Sunday, 27 March 2016

Religion on Easter Sunday.

I feel the need to pray sometimes, or go to church. I'm not religious and I haven't been since I was around 6 years old. I don't believe in a god and yet often I am tempted to go to church and pray; a forced silence and a type of meditation. I really need to meditate.

I don't really like religion itself, not organised religion, and I haven't gauged quite yet why people completely follow it. At this time of year I'm not really into the whole "He is risen" thing, and at Christmas I don't celebrate Christ's birthday. But, as I begin to face troubling thoughts and worries with an adult mind I can see more and more why God is so appealing, why the church is a sort of safe haven, and why churchgoers become a very close-knit community. This is what I have understood from my local church, anyway.

I am lucky; my local church is friendly and open and inclusive. It is a community in itself, and a part of the community outside. It's a beautiful, old, spacious building. The graveyard has a beautiful view over our village and the trees and the hills. It's a good place to think. It's comforting, when you need that.

It is probably specifically from this church that I have begun to see why religion can be extraordinarily helpful to some people. I don't understand obedience to a god, or a bible, when it limits your freedom of choice, or suppresses your desires. I don't get the God part, but I can see why the concept might provide pacifying answers to questions that are bigger than yourself. What I have certainly come to understand is the calm, quiet, contemplative headspace that the church can provide when you're in desperate need of time to reflect. I really do get that now.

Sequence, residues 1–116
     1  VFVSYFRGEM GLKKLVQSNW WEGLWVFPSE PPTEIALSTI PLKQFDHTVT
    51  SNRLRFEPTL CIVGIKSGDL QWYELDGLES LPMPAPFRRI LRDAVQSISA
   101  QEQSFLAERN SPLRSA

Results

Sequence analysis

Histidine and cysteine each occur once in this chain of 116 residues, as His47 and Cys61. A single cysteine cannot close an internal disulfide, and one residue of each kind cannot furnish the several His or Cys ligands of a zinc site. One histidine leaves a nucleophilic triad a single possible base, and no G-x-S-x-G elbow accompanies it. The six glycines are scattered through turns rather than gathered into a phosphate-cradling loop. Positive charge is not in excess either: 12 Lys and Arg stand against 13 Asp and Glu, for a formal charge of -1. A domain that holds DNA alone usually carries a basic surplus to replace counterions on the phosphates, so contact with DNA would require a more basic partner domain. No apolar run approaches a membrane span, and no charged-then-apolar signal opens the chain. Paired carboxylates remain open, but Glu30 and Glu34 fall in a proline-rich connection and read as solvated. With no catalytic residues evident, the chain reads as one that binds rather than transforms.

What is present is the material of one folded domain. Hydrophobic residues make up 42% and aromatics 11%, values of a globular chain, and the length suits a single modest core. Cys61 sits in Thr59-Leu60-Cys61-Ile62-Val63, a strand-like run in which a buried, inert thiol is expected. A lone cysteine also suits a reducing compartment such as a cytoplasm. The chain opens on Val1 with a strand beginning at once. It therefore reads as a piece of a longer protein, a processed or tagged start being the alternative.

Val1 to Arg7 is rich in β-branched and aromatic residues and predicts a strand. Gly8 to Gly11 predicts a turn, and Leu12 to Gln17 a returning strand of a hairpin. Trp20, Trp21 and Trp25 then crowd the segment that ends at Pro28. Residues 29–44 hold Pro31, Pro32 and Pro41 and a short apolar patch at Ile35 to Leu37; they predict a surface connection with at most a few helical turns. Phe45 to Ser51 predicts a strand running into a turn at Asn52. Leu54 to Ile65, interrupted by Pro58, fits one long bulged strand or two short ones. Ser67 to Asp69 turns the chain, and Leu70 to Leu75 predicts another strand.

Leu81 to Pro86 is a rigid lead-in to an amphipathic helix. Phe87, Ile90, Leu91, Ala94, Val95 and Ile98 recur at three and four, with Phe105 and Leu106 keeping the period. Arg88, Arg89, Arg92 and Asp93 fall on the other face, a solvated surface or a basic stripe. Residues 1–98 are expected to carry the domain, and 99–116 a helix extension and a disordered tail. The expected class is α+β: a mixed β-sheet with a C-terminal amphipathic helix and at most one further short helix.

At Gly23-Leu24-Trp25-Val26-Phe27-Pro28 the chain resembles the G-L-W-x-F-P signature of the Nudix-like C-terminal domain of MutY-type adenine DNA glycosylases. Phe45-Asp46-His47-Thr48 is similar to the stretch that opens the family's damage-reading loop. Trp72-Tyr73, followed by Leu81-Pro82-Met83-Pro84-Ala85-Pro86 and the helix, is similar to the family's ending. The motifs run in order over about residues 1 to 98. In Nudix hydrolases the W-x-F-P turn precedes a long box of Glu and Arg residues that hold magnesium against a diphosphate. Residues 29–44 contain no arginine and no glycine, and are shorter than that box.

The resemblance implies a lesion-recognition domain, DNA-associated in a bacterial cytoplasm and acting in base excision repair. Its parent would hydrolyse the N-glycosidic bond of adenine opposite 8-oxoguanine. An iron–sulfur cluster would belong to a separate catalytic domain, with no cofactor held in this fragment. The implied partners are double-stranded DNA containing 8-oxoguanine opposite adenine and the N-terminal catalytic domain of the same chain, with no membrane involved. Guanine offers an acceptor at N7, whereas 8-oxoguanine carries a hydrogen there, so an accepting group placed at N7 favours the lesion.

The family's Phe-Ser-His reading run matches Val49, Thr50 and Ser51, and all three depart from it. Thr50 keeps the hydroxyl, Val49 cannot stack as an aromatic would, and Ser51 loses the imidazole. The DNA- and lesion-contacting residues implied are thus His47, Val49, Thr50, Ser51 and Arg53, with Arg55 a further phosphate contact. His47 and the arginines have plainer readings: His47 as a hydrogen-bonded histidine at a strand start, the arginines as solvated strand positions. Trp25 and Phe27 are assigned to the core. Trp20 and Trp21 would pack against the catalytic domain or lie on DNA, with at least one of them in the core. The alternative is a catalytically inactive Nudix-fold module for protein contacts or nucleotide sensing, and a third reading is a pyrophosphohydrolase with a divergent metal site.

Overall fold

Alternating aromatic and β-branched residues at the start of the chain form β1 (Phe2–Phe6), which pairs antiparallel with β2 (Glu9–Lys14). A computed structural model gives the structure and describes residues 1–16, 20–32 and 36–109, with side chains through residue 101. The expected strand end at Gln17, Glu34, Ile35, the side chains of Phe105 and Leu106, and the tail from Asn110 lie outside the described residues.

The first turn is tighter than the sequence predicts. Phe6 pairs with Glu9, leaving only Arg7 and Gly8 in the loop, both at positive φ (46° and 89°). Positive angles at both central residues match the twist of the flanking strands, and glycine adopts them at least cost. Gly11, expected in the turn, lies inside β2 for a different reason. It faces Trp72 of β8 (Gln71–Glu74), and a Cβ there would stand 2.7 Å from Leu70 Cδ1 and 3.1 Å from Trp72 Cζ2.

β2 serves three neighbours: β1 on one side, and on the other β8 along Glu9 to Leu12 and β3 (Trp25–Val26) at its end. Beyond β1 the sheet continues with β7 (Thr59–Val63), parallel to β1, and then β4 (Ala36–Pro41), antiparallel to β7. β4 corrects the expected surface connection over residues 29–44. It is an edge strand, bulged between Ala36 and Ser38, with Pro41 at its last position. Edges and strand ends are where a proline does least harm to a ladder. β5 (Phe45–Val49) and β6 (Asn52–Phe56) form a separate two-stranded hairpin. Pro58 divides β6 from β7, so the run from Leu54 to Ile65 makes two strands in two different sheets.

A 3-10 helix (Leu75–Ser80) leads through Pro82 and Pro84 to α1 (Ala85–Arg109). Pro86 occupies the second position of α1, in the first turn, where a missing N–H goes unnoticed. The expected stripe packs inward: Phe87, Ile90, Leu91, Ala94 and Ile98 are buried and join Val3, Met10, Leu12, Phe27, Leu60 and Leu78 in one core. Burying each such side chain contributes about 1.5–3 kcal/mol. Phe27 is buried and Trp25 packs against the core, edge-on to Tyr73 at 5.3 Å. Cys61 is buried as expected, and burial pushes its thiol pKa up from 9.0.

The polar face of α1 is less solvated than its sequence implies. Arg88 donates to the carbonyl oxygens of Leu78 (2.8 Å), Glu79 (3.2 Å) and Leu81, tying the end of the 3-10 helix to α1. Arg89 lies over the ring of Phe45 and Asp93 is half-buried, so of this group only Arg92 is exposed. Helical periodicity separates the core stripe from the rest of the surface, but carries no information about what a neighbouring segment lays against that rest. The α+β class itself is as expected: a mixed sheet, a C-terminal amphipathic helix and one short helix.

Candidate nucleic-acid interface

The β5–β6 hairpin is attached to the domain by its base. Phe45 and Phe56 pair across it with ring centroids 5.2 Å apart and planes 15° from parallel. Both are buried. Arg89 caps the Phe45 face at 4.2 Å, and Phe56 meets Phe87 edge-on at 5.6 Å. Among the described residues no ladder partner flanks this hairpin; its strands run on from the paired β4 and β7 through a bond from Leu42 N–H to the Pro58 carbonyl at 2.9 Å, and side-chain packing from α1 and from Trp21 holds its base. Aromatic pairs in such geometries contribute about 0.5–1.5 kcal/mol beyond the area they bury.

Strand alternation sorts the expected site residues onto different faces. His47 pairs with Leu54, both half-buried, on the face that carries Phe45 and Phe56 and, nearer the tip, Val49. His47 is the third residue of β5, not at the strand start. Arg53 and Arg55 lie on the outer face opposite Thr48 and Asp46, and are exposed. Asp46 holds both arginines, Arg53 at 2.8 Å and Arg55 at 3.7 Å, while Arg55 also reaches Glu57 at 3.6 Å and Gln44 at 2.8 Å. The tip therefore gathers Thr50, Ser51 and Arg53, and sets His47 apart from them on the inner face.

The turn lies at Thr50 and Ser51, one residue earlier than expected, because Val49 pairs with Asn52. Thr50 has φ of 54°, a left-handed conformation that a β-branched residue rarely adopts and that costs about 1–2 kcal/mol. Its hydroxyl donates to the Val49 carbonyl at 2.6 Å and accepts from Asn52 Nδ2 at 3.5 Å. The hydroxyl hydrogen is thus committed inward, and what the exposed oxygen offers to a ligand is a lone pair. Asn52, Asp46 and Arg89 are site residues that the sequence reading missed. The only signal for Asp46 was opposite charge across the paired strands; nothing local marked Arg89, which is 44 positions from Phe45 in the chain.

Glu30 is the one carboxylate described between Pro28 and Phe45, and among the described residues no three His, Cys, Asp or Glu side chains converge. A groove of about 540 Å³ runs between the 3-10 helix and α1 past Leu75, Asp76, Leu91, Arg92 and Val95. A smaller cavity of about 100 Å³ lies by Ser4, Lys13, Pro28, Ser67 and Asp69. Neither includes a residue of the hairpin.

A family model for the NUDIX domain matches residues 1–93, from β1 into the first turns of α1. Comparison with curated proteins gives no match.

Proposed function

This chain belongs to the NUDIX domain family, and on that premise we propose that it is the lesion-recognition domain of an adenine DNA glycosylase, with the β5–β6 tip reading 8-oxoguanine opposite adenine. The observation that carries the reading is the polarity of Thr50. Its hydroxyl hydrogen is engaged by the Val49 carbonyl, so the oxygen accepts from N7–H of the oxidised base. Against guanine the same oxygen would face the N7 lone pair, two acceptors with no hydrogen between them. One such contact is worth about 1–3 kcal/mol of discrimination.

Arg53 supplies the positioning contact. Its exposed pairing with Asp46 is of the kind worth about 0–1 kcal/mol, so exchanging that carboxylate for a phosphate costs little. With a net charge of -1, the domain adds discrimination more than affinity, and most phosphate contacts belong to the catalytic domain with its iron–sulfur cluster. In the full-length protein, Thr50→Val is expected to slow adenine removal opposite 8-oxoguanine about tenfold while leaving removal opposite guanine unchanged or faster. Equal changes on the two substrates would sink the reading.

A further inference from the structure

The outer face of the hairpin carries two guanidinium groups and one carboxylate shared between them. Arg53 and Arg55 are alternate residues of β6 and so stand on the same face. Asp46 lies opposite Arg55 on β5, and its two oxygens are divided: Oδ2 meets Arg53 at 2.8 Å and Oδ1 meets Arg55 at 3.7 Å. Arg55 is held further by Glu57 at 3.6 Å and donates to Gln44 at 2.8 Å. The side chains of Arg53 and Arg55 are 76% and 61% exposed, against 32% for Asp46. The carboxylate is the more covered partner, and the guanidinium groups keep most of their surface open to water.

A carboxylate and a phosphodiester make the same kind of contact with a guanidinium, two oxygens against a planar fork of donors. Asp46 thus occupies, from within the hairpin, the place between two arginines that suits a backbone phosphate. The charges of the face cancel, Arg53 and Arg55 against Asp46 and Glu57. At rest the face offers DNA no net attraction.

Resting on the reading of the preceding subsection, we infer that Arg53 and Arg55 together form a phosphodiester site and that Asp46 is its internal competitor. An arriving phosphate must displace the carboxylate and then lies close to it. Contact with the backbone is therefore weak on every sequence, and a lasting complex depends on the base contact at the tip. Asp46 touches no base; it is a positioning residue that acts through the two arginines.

Of course, meditation can happen in any place of worship. Or in any quiet room, or on a walk, or by closing your eyes. But the church, or a place for a community, is a comforting thing and I see much more now why it becomes a daily, weekly, yearly routine for those who need the time to think. When I drive past the pretty little churches in the pretty little places I live near to I feel the solidity and the tranquility of its oldness, perhaps my interest stems from the history of these types of churches too. Perhaps others may feel rejected and unwanted by these religious houses, which for many must be true, but in sitting down at the pew and holding your hands together and closing your eyes and thinking deeply about something there must be some calm in it.

Maybe one day I'll walk into one of these places and do just that. Try to find the calm. And maybe I'll walk right out. It's very possible it's just not for me. But, on this Easter Sunday I think I am beginning to see why and that, in itself, is a fascinating thing.